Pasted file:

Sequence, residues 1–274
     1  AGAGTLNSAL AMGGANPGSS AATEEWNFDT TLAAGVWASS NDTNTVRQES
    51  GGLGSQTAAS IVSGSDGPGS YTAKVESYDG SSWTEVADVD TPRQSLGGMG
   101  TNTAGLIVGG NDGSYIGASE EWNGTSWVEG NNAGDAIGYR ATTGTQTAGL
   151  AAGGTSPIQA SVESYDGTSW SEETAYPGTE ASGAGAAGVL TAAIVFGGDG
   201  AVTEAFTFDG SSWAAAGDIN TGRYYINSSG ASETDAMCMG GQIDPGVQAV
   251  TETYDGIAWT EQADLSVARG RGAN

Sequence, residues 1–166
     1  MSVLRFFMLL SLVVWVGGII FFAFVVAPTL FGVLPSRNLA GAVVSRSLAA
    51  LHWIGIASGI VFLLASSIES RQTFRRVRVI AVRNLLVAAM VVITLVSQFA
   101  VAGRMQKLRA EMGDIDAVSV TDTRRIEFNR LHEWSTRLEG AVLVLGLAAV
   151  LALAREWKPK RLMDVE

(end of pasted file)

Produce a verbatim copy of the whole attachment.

Sequence, residues 1–274
     1  AGAGTLNSAL AMGGANPGSS AATEEWNFDT TLAAGVWASS NDTNTVRQES
    51  GGLGSQTAAS IVSGSDGPGS YTAKVESYDG SSWTEVADVD TPRQSLGGMG
   101  TNTAGLIVGG NDGSYIGASE EWNGTSWVEG NNAGDAIGYR ATTGTQTAGL
   151  AAGGTSPIQA SVESYDGTSW SEETAYPGTE ASGAGAAGVL TAAIVFGGDG
   201  AVTEAFTFDG SSWAAAGDIN TGRYYINSSG ASETDAMCMG GQIDPGVQAV
   251  TETYDGIAWT EQADLSVARG RGAN

Sequence, residues 1–166
     1  MSVLRFFMLL SLVVWVGGII FFAFVVAPTL FGVLPSRNLA GAVVSRSLAA
    51  LHWIGIASGI VFLLASSIES RQTFRRVRVI AVRNLLVAAM VVITLVSQFA
   101  VAGRMQKLRA EMGDIDAVSV TDTRRIEFNR LHEWSTRLEG AVLVLGLAAV
   151  LALAREWKPK RLMDVE